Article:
On Thursday, the Clinton campaign associated itself with a new Republican attack on Trump, this time from House Speaker Paul Ryan, who told CNN that he could not yet endorse Trump, even though he was the presumptive nominee of the Republican Party, until Trump gave him certain political assurances. Ryan said, “I think conservatives want to know, does he share our values and our principles on limited government, the proper role of the executive, adherence to the Constitution?”

This appears to be a reference both to Trump’s claims that as president he could order mass deportations and build a wall along the Mexico-US border without congressional approval, and to his professed opposition to the cuts in Social Security and Medicare embodied in the budget drafted by Ryan and the House Republicans. In Ryan’s interpretation, “limited government” does not refer to scaling back the gargantuan military-intelligence apparatus, the main threat to the democratic rights of the American people, but destroying whatever remains of welfare-state spending.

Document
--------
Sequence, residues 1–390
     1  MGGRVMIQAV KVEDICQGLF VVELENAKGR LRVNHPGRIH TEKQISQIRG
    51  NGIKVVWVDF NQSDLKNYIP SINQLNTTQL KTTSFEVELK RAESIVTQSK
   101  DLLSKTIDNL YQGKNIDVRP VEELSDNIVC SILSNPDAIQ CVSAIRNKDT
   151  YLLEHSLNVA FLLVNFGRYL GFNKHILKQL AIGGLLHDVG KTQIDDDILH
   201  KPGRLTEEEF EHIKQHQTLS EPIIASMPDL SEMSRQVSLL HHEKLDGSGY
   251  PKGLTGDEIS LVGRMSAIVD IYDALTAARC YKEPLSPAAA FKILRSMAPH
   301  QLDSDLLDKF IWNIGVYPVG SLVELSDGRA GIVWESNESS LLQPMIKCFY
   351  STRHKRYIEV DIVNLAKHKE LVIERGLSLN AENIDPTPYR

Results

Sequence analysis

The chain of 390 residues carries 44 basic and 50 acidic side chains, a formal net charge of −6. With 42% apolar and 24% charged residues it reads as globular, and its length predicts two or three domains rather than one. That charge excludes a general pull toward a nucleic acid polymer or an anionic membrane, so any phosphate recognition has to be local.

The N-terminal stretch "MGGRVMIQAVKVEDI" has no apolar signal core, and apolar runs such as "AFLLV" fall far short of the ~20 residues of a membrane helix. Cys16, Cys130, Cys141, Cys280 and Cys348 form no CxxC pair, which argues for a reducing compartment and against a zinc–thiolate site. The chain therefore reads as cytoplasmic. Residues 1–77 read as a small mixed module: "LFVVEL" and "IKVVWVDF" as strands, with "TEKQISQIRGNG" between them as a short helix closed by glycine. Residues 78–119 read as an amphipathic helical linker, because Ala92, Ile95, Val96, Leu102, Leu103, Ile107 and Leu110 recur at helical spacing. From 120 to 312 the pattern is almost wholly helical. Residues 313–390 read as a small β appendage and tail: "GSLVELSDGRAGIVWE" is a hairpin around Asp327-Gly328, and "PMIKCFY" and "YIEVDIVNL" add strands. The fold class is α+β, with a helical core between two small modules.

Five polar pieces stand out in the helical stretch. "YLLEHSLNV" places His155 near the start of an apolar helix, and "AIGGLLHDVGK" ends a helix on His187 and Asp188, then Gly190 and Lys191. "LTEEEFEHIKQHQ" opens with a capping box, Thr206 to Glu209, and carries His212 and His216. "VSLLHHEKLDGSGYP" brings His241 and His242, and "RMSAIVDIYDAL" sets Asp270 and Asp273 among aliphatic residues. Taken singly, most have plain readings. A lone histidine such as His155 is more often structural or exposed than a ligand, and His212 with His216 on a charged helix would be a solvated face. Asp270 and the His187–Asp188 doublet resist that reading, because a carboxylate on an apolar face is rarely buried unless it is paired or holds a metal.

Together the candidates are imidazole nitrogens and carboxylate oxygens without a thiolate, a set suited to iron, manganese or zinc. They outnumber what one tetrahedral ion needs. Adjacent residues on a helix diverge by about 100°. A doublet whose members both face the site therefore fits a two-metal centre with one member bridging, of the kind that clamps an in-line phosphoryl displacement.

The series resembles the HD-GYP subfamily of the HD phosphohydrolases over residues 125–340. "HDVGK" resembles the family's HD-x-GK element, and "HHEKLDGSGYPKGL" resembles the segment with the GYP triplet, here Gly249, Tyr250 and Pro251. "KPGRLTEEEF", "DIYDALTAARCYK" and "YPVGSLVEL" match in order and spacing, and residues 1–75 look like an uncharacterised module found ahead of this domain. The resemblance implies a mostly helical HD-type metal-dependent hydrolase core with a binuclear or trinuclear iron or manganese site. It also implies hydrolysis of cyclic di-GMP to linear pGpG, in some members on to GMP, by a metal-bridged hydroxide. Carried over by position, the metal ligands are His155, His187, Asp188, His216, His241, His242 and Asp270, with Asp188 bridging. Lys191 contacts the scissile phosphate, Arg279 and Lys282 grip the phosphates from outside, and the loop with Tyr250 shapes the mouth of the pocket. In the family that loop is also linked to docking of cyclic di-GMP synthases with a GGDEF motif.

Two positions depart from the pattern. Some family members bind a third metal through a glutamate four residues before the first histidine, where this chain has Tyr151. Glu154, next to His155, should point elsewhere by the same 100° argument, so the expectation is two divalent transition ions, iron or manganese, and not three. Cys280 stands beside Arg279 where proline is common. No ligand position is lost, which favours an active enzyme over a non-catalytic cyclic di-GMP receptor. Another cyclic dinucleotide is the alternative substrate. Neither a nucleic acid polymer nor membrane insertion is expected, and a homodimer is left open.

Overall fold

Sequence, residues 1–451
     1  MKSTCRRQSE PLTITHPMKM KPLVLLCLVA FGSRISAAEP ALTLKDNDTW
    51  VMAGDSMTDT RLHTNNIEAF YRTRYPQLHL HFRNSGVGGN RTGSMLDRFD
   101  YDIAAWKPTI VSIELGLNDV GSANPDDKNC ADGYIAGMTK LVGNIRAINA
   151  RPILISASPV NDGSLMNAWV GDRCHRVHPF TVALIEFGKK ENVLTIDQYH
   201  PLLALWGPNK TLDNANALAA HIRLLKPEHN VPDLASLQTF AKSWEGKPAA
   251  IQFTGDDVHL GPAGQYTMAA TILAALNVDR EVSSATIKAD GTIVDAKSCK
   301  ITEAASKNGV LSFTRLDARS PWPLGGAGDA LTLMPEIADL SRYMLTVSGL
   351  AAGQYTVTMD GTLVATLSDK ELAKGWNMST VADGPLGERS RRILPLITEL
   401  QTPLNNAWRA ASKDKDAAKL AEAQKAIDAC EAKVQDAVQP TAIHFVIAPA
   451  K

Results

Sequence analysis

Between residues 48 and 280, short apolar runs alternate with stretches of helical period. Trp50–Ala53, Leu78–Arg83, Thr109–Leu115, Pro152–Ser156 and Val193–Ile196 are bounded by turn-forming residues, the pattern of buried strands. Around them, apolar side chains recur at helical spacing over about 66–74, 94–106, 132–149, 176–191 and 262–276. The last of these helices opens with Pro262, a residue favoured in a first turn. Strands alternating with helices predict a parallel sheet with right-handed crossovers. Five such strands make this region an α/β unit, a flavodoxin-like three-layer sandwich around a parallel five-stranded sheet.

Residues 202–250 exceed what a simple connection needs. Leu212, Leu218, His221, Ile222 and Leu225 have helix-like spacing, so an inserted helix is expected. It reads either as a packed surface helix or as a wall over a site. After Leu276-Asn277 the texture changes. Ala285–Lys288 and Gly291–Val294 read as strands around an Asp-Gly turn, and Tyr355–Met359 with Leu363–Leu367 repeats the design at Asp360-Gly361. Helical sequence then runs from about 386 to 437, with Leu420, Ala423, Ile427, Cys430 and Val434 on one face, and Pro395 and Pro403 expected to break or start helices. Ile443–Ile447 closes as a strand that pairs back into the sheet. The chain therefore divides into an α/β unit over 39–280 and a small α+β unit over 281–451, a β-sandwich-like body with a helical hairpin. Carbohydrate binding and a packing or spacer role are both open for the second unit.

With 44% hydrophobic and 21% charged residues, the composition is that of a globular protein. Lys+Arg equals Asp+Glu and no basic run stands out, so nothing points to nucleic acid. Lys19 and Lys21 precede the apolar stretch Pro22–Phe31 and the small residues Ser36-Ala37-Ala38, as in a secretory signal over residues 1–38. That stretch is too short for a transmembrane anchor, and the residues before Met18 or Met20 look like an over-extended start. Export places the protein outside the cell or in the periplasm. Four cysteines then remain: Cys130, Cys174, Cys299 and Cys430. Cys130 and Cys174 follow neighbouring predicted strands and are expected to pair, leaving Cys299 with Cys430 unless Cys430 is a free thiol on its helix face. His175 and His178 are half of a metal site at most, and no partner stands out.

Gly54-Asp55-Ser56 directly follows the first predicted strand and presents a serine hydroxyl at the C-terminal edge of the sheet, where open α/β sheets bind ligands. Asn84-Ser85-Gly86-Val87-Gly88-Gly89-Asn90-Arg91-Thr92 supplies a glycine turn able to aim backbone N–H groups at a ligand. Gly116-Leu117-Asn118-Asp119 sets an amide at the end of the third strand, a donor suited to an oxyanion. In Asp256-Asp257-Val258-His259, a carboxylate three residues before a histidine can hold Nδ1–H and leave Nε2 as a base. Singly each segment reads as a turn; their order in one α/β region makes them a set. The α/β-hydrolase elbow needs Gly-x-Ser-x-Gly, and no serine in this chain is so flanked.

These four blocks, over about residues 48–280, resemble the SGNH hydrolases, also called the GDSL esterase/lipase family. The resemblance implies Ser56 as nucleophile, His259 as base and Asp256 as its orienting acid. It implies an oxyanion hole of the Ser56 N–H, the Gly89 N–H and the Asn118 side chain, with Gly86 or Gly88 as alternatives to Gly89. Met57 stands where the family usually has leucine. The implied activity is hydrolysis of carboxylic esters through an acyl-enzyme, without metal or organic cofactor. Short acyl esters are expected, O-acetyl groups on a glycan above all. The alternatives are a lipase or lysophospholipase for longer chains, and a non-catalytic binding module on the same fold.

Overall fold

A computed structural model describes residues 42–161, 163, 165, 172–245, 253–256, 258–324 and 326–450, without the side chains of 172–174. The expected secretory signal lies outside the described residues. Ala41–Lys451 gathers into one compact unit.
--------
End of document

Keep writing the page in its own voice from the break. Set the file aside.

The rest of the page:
The Clinton campaign hailed Ryan’s intervention under the headline, “Speaker Paul Ryan Joins Growing List of Conservatives Rebuking Trump as He Captures GOP Nomination.”

The Clinton camp has made clear that Wednesday’s press release was intended as the start of a broader campaign to win over sections of the Republican Party to her candidacy. During a CNN appearance on Wednesday, Clinton made further appeals for Republican support, calling Trump a “loose cannon” and declaring, “Let’s get off the red or the blue team. Let’s get on the American team.”